National News, Top Headlines and Stories from the United States - Wall Street Journal

As more police agencies equip officers with body cameras--a movement that gained intensity after the police shooting of a fleeing man in South Carolina--authorities are having trouble processing and storing the mountains of video.

A Madison, Wis., man who is a convicted sex offender traveled to Turkey last year in a failed attempt to join Islamic State, according to the Justice Department.

Most economists see a stronger dollar as among the headwinds slowing first-quarter growth, according to a WSJ survey of economists.



A federal agency tasked with protecting the rights of government workers said Thursday it is on track this fiscal year to double its caseload of claims from Department of Veterans Affairs whistleblowers.

An outbreak of a foodborne illness linked to some Blue Bell ice cream products has grown to include three people in Texas who became ill.



The same jurors who found Dzhokhar Tsarnaev guilty for the deadly Boston Marathon bombing must now decide whether he should die for his crimes or spend his life in prison.

The U.S. Defense Department is tightening rules governing how defense companies spend $4 billion of its research budget each year and called on contractors to build in safeguards against cybercriminals.



The Ebola virus outbreak created a rare opportunity to test new vaccines, but that chance is slipping away amid squabbles over the right way to test treatments.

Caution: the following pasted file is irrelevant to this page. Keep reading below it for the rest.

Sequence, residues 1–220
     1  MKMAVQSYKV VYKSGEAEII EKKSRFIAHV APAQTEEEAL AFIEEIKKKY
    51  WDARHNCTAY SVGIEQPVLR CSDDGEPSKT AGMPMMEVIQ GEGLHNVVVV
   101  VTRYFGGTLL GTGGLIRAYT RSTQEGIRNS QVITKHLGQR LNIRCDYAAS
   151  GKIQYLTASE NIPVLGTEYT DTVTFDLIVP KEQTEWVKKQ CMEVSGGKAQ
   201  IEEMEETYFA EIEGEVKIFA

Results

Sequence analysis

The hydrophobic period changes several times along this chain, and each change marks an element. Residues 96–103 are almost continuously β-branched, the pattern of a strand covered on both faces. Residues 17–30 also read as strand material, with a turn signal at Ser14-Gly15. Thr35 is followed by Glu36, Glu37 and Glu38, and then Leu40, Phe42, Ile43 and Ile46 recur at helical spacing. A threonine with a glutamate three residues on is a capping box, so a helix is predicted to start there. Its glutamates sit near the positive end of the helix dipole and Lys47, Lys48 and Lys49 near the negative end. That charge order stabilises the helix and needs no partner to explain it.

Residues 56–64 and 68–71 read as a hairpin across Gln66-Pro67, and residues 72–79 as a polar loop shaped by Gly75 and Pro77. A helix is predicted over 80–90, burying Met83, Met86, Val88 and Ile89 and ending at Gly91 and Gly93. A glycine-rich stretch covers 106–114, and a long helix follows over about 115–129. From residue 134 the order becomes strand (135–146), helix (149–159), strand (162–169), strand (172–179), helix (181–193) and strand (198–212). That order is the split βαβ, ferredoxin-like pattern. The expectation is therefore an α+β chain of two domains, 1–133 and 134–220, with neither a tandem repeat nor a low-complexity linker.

A new battle over organizing home health aides has sprung up in Pennsylvania as several groups try to block an executive order issued by Democratic Gov. Tom Wolf that could make it easier for unions to target the low-wage but fast-growing group of workers.

Less restrictive stance paves way for some men and women to enlist who previously couldn't.

The U.S. Army has expanded a program that encourages immigrants with certain language and medical skills to enlist by offering them a fast track to U.S. citizenship.

Sovaldi, a pricey pill made by Gilead Sciences, caused Medicaid spending on hepatitis C treatments to soar last year, even as most states restricted access to the drug, leaving many low-income patients untreated.



The leaders of the U.S. and Cuba arrive for a regional summit this week looking to build on the historic thaw in their countries' relations but facing obstacles to fully normalizing ties.

California lawmakers, amid impassioned pleas from parents and doctors, Wednesday advanced a bill that would require schoolchildren in the state to be vaccinated.

Real-estate heir and murder suspect Robert Durst has been indicted on two weapons charges from his March arrest in Louisiana.

http://link.reuters.com/ruq27t

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